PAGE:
In an off-camera briefing Tuesday afternoon, senior administration officials discussed the crisis in Venezuela and potential sanctions on the regime.

In an effort to increase pressure on Venezuelan President Nicolas Maduro, the White House announced it will impose “strong and swift economic sanctions” on the beleaguered nation if its leader creates a Constituent Assembly on July 30.

Senior officials explained Tuesday that the Assembly, which has the power to rewrite the constitution, would strip Venezuelans of their democratic rights and essentially transform Maduro’s “invalid and illegitimate” regime into a dictatorship.

While the White House announced it has been working with other nations to prevent the Assembly from occurring, the US will also take unilateral actions as it deems necessary. The President is considering all options, including sanctions on PDVSA, the state-run oil company.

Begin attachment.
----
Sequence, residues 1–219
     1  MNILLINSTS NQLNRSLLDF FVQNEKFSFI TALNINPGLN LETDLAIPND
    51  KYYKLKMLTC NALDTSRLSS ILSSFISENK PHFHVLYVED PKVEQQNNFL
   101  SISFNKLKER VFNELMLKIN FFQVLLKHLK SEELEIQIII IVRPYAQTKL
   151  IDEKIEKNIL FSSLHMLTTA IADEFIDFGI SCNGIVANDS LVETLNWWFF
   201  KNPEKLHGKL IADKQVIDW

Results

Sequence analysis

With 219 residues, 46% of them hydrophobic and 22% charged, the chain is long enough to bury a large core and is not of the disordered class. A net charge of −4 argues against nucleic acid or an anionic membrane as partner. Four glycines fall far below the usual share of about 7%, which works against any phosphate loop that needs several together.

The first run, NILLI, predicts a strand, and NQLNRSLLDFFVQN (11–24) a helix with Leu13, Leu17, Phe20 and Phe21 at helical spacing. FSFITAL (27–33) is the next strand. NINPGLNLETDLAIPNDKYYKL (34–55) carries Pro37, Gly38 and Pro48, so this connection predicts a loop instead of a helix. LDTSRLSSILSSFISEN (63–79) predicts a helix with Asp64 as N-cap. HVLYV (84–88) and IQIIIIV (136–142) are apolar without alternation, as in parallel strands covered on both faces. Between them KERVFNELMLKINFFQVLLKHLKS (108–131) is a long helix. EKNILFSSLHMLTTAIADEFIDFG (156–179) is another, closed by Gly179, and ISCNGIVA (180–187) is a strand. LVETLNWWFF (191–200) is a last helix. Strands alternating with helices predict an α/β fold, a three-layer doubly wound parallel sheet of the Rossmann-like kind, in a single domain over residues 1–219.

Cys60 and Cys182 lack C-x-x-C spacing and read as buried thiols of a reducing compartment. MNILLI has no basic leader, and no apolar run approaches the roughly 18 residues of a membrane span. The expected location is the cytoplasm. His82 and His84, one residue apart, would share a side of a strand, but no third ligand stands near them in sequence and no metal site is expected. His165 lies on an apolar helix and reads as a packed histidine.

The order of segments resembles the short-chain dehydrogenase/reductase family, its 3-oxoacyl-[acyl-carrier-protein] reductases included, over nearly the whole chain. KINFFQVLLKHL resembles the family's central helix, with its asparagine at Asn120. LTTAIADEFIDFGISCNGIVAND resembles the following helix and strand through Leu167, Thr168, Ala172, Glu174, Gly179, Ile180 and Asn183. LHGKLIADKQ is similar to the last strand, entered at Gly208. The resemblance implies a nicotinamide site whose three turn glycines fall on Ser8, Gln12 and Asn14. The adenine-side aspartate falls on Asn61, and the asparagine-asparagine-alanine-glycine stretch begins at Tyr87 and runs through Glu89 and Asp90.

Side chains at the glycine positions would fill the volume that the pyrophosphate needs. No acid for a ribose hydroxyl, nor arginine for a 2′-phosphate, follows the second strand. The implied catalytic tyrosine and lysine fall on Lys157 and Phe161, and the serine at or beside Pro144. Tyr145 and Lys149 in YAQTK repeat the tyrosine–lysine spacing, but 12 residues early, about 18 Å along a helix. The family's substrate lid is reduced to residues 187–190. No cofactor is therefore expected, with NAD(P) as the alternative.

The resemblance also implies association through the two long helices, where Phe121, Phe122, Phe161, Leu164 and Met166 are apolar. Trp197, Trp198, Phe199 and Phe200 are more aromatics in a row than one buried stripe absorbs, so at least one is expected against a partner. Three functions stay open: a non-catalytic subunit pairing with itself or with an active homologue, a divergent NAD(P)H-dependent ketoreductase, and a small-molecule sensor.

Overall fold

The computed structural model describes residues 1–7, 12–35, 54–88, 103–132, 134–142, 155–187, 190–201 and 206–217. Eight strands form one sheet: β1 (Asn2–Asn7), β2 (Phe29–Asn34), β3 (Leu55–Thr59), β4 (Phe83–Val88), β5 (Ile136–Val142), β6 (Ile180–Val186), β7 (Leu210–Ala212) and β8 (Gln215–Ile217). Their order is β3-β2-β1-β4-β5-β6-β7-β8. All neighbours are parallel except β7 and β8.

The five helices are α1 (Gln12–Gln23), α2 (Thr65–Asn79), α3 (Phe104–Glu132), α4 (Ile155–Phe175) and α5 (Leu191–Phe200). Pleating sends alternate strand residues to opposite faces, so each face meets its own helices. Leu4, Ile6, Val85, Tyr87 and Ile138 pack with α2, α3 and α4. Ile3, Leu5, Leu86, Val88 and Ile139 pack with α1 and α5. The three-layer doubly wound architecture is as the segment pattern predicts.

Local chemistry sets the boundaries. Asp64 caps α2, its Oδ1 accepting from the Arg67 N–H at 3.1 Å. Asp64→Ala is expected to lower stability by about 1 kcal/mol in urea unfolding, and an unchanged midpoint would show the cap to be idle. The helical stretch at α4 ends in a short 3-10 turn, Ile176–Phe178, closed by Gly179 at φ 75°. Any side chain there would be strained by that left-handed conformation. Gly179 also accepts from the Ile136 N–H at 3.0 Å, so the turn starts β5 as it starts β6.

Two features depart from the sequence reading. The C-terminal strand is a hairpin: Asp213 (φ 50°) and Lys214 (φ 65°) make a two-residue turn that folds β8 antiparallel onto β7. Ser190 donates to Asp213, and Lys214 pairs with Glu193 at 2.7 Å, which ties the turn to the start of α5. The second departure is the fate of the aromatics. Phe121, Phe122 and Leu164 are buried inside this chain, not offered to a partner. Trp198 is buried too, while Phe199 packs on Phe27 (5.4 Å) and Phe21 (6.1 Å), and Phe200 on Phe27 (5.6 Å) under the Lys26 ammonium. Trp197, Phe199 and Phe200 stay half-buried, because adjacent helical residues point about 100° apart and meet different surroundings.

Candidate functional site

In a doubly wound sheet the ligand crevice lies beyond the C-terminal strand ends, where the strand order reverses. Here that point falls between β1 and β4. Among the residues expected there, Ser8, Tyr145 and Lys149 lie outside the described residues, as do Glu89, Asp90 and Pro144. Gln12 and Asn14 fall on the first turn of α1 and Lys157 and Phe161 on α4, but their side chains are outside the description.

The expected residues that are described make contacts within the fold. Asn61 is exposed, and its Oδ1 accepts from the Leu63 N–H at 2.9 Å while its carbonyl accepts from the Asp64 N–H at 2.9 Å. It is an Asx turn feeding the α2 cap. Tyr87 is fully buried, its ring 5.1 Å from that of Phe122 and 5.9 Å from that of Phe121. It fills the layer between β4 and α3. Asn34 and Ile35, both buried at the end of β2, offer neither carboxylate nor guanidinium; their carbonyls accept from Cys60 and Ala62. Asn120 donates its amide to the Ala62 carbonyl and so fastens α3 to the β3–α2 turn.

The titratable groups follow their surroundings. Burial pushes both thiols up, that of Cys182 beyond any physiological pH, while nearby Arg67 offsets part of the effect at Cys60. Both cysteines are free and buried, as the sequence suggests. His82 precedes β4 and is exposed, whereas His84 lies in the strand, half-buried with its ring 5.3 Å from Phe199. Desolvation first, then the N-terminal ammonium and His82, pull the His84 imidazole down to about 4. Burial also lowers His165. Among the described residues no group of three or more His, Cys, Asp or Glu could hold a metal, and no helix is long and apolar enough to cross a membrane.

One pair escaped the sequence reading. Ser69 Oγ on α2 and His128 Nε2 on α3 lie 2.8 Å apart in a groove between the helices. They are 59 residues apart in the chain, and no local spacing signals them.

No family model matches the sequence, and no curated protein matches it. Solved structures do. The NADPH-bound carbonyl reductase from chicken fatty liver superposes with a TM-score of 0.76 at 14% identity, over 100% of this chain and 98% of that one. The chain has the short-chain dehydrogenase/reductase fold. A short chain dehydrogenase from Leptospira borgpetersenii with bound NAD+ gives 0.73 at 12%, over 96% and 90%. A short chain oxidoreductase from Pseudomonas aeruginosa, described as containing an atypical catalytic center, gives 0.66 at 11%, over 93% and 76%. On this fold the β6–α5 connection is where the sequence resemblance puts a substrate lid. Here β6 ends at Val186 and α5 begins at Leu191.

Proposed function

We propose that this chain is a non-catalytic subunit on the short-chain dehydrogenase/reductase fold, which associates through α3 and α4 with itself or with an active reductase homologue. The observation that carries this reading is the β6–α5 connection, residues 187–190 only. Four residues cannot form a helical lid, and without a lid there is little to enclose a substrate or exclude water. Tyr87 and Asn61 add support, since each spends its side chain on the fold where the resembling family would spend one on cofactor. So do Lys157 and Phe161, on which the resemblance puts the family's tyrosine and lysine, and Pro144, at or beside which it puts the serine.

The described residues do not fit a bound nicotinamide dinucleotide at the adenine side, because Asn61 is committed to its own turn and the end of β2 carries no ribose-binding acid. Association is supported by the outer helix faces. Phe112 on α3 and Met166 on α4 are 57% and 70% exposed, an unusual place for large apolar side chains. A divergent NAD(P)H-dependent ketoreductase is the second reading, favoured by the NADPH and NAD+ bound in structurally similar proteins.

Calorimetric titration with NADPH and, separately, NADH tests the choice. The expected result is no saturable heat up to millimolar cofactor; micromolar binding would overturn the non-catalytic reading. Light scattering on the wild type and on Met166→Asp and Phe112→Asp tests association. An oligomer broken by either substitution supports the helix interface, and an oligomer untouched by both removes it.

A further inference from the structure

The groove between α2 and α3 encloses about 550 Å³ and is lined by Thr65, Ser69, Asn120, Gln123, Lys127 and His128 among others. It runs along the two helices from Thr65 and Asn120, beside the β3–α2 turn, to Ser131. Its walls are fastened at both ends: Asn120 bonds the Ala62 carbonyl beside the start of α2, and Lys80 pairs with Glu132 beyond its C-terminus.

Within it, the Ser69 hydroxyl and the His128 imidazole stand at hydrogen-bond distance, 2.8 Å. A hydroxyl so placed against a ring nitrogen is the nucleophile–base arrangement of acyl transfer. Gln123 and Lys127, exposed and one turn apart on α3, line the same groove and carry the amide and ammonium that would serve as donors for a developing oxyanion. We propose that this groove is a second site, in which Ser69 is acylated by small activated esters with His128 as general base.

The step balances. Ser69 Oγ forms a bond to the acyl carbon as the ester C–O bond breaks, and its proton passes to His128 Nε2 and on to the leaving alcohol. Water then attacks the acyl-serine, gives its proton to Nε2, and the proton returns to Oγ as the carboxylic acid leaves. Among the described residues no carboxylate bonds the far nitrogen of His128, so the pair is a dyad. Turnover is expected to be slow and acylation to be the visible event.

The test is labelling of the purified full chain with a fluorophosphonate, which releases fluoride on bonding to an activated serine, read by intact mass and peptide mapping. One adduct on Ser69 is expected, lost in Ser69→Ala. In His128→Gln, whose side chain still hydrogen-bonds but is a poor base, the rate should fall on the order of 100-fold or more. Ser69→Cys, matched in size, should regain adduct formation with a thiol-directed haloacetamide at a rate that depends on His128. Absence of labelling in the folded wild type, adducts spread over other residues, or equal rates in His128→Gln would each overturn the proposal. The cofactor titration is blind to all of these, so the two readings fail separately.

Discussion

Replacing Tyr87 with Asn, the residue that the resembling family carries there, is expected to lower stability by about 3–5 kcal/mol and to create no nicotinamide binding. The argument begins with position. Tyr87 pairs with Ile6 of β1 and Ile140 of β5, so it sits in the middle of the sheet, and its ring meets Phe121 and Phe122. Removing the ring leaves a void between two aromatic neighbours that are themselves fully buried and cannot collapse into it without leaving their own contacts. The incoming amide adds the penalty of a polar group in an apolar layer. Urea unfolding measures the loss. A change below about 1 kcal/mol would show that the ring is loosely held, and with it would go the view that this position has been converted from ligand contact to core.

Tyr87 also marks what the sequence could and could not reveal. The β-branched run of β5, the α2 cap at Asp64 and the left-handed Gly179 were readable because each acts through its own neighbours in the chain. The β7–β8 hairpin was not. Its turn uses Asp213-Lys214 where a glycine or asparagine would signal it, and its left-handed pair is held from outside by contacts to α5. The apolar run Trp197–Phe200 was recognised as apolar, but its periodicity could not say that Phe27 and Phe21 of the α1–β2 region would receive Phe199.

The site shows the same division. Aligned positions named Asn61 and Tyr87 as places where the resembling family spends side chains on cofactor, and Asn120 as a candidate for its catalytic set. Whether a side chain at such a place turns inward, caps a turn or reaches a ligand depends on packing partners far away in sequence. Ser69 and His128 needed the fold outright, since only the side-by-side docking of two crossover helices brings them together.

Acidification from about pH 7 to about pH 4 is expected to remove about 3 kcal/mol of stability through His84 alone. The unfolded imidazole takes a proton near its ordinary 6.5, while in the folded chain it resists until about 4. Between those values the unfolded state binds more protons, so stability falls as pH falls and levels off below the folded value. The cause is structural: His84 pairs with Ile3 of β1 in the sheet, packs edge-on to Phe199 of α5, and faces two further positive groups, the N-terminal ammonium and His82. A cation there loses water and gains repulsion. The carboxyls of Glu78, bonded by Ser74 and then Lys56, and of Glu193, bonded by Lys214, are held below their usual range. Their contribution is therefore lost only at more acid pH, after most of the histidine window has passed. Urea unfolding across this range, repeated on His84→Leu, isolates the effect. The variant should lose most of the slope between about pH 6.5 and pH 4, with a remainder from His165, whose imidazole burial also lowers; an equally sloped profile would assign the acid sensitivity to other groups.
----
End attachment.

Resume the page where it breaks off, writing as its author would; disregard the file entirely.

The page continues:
These actions may come sooner than expected. One senior administration official said he “would not be surprised if we take actions before July 30.”

This announcement comes a day after President Trump stated that the “United States will not stand by as Venezuela crumbles.”

According to the Administration, ending the erosion of Venezuelan democracy and suffering of its people has been a priority of the President since taking office. President Trump, who has discussed this “man-made disaster” with over a dozen heads of state, believes it is in the national security interest of the US for the turmoil to end.

The Venezuelan crisis returned to the international forefront on Sunday, when over 7 million Venezuelans in many countries voted overwhelmingly against Maduro’s calls for a Constituent Assembly. In the opposition-run poll, roughly 98% of voters rejected the formation of the Assembly and supported holding a national election before 2019.

In response to the vote and probable sanctions, Venezuelan Foreign Minister Samuel Moncada proclaimed on state television that nothing can stop the Assembly from taking place.

In the coming days, more anti-government protests are scheduled throughout Venezuela. Over 100 people have died in the protests to date. Human rights abuses, corruption, and narco trafficking continue to rise as most Venezuelans struggle to meet their basic human needs.

Rocky Vazquez is an expert in international politics and economics. He holds an MSc degree in Management from the London School of Economics and Political Science

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